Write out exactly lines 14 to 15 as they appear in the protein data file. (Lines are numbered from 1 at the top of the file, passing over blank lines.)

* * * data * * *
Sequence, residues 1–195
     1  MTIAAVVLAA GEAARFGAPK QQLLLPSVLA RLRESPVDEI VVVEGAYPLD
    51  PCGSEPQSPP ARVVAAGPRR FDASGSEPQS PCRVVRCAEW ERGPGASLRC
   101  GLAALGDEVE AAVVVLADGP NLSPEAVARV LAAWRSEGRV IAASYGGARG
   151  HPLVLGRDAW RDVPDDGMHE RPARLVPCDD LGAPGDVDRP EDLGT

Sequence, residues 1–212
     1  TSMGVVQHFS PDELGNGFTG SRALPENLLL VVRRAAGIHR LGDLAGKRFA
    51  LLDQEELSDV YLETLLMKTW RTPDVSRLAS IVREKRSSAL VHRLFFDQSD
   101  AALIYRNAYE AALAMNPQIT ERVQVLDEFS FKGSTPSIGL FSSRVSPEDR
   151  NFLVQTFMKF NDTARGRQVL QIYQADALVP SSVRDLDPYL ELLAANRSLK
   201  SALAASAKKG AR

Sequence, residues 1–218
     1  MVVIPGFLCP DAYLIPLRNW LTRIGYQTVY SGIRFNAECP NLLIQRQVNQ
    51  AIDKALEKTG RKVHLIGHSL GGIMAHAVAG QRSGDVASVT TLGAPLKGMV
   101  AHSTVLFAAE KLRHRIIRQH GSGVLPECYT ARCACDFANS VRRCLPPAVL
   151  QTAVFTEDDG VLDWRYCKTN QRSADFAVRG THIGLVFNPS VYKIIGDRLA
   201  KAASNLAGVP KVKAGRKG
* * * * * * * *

    51  AIDKALEKTG RKVHLIGHSL GGIMAHAVAG QRSGDVASVT TLGAPLKGMV
   101  AHSTVLFAAE KLRHRIIRQH GSGVLPECYT ARCACDFANS VRRCLPPAVL